Dáil debates

Wednesday, 9 September 2020

Ceisteanna Eile - Other Questions

Technological Universities

11:50 am

Verona Murphy (Wexford, Fine Gael)
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31. To ask the Minister for Education and Skills the status of the progress of the Connacht and Ulster alliance of Sligo Institute of Technology, Galway and Mayo Institute of Technology and Letterkenny Institute of Technology on forming a technical university. [22602/20]

Verona Murphy (Wexford, Fine Gael)
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I am the spokesperson for the Regional Group and obviously our interest is in the regions. Will the Minister give an update on the progress of the Connacht-Ulster alliance of Sligo IT, Galway and Mayo IT and Letterkenny IT on forming a technological university?

Photo of Simon HarrisSimon Harris (Wicklow, Fine Gael)
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I thank Deputy Murphy for the question. I am sure she will not mind me also acknowledging that Deputy Marian Harkin raised this with me earlier in the interests of her constituency.

The establishment of technological universities, including a technological university in the Connacht-Ulster region, is an important part of the Government’s higher education policy as underscored in the programme for Government. Technological universities will provide increased choices for students, an enhanced student experience and greater access for students in tackling educational disadvantage, with technological universities offering a broad range of higher education provision from apprenticeship to doctoral degrees. Technological universities will also support an increased intensity of research-informed teaching and learning and research activity, which will provide increased opportunities for collaboration with industry, attraction of foreign direct investment, retention and expansion of skills and, crucially, deliver regional development and socioeconomic benefits to the region.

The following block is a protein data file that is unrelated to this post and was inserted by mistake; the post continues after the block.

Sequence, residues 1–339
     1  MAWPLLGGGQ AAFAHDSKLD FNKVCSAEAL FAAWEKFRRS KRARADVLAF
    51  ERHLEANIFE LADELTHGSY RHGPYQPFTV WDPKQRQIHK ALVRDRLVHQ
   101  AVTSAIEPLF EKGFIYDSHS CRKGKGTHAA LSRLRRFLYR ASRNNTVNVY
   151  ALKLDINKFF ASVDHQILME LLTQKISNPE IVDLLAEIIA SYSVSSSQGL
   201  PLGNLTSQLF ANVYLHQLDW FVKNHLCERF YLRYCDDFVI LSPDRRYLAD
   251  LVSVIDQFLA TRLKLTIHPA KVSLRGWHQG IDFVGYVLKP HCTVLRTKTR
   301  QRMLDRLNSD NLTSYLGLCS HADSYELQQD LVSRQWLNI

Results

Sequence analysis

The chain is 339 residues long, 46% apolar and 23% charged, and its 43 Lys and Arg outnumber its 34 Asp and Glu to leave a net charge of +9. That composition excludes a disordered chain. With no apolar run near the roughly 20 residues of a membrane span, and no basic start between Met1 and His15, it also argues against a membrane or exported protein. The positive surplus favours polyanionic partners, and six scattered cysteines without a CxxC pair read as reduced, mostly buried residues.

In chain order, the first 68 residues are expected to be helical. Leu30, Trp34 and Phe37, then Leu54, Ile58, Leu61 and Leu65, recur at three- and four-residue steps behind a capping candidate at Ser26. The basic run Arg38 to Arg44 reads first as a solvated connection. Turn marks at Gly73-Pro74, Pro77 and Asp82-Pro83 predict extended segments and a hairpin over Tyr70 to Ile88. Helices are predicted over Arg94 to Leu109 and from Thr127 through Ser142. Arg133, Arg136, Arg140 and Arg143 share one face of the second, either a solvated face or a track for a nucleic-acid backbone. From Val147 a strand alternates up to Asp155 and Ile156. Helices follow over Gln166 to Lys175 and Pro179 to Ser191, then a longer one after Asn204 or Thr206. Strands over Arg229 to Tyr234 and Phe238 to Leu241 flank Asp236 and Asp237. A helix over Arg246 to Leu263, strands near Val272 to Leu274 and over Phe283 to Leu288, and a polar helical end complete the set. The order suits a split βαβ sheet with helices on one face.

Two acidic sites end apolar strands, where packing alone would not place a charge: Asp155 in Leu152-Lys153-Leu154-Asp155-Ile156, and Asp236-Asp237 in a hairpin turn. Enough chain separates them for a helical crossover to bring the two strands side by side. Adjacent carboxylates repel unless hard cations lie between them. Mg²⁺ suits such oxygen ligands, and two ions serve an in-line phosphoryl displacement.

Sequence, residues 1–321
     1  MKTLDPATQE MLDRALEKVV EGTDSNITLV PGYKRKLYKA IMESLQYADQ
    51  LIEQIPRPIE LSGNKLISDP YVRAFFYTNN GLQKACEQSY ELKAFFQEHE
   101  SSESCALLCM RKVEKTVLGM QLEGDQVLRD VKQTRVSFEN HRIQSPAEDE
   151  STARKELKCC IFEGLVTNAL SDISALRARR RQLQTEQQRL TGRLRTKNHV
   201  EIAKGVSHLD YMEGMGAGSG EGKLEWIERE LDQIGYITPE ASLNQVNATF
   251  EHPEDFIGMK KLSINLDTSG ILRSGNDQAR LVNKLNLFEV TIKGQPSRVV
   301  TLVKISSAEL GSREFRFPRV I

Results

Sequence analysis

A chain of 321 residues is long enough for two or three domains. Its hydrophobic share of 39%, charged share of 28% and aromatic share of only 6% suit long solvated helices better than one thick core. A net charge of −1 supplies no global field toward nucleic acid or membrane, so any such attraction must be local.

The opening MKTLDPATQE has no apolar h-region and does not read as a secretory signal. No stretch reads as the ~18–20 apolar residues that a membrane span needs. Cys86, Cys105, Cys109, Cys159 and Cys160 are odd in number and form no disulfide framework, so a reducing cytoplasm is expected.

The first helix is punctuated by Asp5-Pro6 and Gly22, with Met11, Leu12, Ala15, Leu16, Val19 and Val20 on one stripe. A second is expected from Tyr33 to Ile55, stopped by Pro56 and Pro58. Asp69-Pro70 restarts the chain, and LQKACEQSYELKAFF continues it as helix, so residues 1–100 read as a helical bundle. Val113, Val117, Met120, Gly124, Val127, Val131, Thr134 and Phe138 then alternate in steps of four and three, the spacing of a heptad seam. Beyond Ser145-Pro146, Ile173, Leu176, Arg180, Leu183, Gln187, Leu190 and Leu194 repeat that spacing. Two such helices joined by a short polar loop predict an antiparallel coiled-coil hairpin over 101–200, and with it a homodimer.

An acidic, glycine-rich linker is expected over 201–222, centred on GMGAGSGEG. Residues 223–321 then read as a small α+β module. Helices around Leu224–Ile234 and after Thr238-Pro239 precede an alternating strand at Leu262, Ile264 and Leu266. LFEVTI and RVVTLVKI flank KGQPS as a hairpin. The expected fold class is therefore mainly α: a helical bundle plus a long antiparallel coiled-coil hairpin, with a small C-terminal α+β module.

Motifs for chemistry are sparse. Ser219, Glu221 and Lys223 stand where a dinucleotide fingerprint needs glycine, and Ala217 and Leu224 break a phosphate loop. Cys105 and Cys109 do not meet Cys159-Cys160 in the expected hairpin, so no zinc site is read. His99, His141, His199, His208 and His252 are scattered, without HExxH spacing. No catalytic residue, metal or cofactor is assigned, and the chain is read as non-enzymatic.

Under the statutory framework detailed in the Technological Universities Act 2018, it is a matter, in the first instance, for the relevant institutes of technology participating in a technological university consortium to progress their plans and, when ready, to make an application to the Minister seeking an order establishing a technological university subject to their meeting the eligibility criteria prescribed in the 2018 Act.

The Connacht-Ulster alliance of GMIT, LYIT and IT Sligo has advised my Department that it is making significant progress towards meeting the relevant technological university criteria and it is understood that the alliance plans to submit an application under the relevant legislative procedure by the end of this year. It is working its way through that. The governing bodies met in November 2019 to accelerate their proposals. The consortium has to date received €5.9 million in Exchequer funding through the higher education landscape funding to assist in its technological university development proposals. A steering group is in place along with four working groups and 19 sub-groups, involving more than 150 staff and students from across the range of the consortium. A huge amount of work is under way. My message to everybody is that we need this train to leave the station soon. We need the delivery of this technological university for the north west.

Verona Murphy (Wexford, Fine Gael)